8. Garne JP, Aspegren K, Balldin G, Ranstam J. Increasing incidence of and declining mortality from breast carcinoma. Trends in Malmo, Sweden, 1961–1992. Cancer 1997; 79: 69–74.

9. Richardson A, Cox B, Brown T, Smale P. The impact of breast cancer screening on breast cancer registrations in New Zealand. N Z Med J 2005; 118: U1291.

10. Dunn JE, Schweitzer V. The relationship of cervical cytology to the incidence of invasive cervical cancer and mortality in Alameda County, California, 1960 to 1974. Am J Obstet Gynecol 1981; 139: 868–76.

11. Macgregor JE, Campbell MK, Mann EM, Swanson KY. Screening for cervical intraepithelial neoplasia in north east Scotland shows fall in incidence and mortality from invasive cancer with concomitant rise in preinvasive disease. BMJ 1994; 308: 1407–11.

12. Zimmerman RK. HPV vaccine and its recommendations, 2007. J Fam Pract 2007; 56: S1–5.

13. Agosti JM, Goldie SJ. Introducing HPV vaccine in developing countries – key challenges and issues. N Engl J Med 2007; 356: 1908–10.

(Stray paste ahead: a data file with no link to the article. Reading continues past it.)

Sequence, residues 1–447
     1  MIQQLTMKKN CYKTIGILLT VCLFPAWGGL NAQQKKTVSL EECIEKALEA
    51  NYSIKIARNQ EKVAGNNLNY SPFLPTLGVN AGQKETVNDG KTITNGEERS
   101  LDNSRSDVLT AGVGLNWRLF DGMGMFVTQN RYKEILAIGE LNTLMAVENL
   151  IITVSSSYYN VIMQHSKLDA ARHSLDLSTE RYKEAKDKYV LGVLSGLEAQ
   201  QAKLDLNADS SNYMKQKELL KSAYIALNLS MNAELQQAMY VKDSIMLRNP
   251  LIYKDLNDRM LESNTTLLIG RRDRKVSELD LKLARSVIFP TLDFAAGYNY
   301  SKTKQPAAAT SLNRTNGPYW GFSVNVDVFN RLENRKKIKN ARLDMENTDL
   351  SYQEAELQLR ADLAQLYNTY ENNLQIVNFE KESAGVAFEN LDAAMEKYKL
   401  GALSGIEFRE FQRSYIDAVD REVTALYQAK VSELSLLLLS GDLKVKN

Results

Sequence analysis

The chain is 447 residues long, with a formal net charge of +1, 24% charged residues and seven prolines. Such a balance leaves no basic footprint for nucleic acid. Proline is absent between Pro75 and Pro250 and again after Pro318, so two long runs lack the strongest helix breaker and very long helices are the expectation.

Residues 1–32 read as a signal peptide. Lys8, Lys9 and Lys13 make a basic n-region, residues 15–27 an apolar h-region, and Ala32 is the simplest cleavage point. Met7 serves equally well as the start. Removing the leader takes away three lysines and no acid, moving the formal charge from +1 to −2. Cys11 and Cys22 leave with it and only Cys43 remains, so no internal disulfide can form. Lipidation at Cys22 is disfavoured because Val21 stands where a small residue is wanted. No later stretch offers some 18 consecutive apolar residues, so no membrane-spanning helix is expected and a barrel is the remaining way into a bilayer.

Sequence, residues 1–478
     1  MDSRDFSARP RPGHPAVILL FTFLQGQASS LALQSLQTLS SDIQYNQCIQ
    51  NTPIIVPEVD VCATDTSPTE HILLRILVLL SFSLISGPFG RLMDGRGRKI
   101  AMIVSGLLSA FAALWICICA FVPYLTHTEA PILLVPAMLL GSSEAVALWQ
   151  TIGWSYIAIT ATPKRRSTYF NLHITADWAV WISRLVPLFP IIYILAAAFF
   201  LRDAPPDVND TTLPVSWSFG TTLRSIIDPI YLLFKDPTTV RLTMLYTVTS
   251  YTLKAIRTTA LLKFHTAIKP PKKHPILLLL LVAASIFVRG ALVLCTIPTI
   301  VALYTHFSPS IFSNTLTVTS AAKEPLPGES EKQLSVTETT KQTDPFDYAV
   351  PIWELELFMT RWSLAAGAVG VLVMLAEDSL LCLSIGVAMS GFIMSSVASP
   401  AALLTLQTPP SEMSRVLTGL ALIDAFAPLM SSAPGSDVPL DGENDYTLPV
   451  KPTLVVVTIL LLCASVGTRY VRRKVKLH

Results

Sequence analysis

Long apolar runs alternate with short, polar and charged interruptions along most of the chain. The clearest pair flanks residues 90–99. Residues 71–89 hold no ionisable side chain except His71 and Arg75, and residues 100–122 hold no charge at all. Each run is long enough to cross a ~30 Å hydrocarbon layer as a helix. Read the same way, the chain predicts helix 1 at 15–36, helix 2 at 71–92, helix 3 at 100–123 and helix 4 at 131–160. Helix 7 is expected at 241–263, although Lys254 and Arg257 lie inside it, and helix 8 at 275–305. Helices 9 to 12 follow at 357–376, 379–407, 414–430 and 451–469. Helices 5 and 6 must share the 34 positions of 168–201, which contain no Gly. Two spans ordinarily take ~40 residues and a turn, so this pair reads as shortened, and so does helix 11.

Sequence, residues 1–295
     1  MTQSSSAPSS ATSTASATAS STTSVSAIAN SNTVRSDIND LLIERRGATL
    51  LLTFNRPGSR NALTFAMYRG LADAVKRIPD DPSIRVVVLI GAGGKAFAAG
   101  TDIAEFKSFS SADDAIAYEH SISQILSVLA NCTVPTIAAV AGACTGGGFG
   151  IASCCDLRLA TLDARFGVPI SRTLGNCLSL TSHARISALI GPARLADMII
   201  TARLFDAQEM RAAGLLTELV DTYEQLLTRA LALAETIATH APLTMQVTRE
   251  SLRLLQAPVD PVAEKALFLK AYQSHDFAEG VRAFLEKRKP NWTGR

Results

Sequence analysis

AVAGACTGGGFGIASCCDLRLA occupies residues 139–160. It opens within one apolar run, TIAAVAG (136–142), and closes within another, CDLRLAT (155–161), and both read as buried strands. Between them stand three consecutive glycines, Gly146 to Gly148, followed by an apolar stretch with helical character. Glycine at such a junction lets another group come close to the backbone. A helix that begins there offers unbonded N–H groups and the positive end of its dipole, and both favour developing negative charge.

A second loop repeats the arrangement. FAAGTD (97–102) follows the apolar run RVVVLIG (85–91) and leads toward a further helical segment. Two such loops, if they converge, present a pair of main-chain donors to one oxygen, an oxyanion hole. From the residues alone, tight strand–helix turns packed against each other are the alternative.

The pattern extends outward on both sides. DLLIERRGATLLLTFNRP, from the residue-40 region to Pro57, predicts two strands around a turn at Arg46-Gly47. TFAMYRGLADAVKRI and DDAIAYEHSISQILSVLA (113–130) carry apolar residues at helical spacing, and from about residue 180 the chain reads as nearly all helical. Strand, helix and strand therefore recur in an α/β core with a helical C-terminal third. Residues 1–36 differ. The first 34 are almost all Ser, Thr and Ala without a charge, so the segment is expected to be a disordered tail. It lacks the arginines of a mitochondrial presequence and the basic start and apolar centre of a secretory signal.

14. Winawer SJ, Zauber AG, Nah Ho M, O'Brien MJ, Gottlieb LS, Sternberg SS et al. Prevention of colorectal cancer by colonoscopic polypectomy. N Engl J Med 1993; 329: 1977–81.

15. Citarda F, Tomaselli G, Capocaccia R, Barcherini S, Crespi M. Efficacy in standard clinical practice of colonoscopic polypectomy in reducing colorectal cancer incidence. Gut 2001; 48: 812–5.

16. Lee MG. Colon cancer screening. West Indian Med J 2006; 55: 365–7.

17. Blake G, Hanchard B, Gibson T, Wolff C, Waugh N, Reynolds A. Trends in incidence and histological subtypes of lung cancer, Kingston and St. Andrew, Jamaica, 1968-1997. West Indian Med J 2006; 55: 13–8.

18. Travis WD, Travis LB, Devesa SS. Lung cancer. Cancer 1995; 75 (1 Suppl): 191–202.

19. Harkness EF, Brewster DH, Kerr KM, Ferguson RJ, Macfarlane GJ. Changing trends in incidence of lung cancer by histologic type in Scotland. Int J Cancer 2002; 102: 179–83.

 

 

Correspondence:
Dr TN Gibson
Department of Pathology, The University of the West Indies
Kingston 7
Fax: (876) 977-1811
e-mail: tracey. gibson@uwimona.edu.jm